The Last Word - Inclusion by Design
by Keith Christensen
Most of the time people think disability is a physical or mental condition that limits a person's movements, senses, or activities. In other words, disability is a condition that limits a person…. which is wrong. Disability is not a condition that someone has that limits them. Rather, disability is the experience someone has of being limited by the conditions around them.
I’m a designer, and as a designer I am trying to change existing conditions into preferred ones. The question that most concerns me is what is the result of the conditions I’m creating? Limitations or possibilities?
A community’s built form—the human-made surroundings that range from buildings and parks or green space to neighborhoods and cities—establishes the conditions of possibility for how people live in the place. A supportive environment provides opportunities for self-determination and facilitates participation in everyday activities and relationships. These communities’ built form establish conditions which foster belonging and quality of life. The opposite is also true, and unsupportive environments can make it difficult to participate in the activities of daily life and lead to people feeling isolated and marginalized.
Rarely is one community supportive and another unsupportive. Most communities are both: many of their members are supported and some are not. In particular, while people with disabilities live in communities, they may often still not be a part of their community. They are in the community, but not of it. Why? At least in part, because the conditions established by the built form of the community create limitations to their participation.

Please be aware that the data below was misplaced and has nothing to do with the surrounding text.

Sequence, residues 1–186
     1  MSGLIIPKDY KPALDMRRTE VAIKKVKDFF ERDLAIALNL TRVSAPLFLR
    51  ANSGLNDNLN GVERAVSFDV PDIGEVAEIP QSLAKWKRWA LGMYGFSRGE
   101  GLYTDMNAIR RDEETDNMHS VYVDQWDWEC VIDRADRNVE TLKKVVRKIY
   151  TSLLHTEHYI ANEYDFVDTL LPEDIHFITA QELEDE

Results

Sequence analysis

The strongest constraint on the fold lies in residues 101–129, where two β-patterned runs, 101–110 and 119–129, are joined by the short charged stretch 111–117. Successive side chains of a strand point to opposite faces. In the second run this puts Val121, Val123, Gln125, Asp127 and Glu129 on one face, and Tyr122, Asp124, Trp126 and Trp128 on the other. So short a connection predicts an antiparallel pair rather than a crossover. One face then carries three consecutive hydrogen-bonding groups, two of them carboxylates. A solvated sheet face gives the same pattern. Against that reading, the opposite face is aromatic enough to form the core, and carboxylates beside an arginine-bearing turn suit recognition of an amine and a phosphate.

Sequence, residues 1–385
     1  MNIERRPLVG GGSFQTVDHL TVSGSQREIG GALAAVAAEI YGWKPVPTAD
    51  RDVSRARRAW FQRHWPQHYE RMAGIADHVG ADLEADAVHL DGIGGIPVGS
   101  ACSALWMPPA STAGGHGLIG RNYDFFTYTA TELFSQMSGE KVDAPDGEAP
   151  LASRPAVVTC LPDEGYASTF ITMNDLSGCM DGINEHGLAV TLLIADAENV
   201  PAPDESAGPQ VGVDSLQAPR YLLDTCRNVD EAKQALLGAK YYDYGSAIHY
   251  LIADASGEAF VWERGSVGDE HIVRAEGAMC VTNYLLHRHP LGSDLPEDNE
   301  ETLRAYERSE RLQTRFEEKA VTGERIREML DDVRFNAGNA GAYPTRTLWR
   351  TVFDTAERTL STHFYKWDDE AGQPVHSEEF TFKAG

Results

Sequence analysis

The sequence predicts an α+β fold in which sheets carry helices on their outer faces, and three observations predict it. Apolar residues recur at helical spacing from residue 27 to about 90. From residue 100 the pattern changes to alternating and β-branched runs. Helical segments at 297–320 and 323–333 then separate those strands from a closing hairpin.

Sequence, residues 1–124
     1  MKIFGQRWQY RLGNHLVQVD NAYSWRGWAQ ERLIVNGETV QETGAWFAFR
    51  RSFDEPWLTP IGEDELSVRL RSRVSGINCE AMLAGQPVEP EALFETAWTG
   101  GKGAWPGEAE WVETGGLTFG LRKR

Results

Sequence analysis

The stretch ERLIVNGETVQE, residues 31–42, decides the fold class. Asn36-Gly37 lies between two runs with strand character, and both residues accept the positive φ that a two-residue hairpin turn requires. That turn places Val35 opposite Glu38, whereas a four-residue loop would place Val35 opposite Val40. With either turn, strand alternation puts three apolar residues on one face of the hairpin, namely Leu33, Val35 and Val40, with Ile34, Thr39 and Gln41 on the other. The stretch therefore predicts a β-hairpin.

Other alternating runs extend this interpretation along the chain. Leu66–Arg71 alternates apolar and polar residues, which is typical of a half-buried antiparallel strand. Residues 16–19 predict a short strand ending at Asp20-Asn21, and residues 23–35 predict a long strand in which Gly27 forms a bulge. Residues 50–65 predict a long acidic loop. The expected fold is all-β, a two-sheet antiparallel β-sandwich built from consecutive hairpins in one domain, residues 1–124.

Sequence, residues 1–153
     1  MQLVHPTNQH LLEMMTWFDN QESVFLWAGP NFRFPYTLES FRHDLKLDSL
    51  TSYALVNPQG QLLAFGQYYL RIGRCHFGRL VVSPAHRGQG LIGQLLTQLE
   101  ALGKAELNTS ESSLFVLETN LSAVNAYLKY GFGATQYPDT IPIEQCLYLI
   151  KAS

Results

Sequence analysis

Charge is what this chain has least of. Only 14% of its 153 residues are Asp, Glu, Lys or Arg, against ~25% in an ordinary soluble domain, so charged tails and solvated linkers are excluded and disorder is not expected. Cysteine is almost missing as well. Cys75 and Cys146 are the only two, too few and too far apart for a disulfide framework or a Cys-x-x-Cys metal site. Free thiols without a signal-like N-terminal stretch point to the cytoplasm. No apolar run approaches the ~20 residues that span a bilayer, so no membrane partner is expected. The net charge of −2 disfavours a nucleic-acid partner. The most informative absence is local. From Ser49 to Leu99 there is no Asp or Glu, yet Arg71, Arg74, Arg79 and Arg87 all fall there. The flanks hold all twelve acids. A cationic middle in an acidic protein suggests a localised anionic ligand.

People with disabilities have long advocated for greater participation in their communities. The built form of communities encompasses many of the supports key to including individuals with disabilities; access to public accommodation and services including recreational, educational, commercial, and civic and social activities, employment opportunities, appropriate housing, and convenient transportation access. These are the activities of daily life. Community planning and design professionals work toward many of these aspects of accessibility, calling their efforts walkability, transportation equity, transit-oriented development, Complete Streets, aging-in-place, placemaking, etc. But if you bring everything together, carefully planning and designing the conditions of the community to eliminate environmental barriers to people with disabilities, fewer people will be left out of the life of the community.
My colleagues and I work with our students to change the existing conditions of communities into ones that foster belonging and quality of life for all their members. It is the responsibility of every designer to create just and equitable environments.
Are you a designer? Are you trying to change existing conditions into preferred ones? What part of the community are you designing? Are you creating conditions of possibilities? Working to together, each of us that contributes to our community can build a stronger, more just, and equitable future for our community.
Keith Christensen is an associate professor of landscape architecture. His work emphasizes inclusive design and planning practices. He is co-principal investigator on a $2.5 million research project aimed at creating a planning framework that improves access to community involvement for people with disabilities, funded by the National Institute on Disability, Independent Living, and Rehabilitation Research.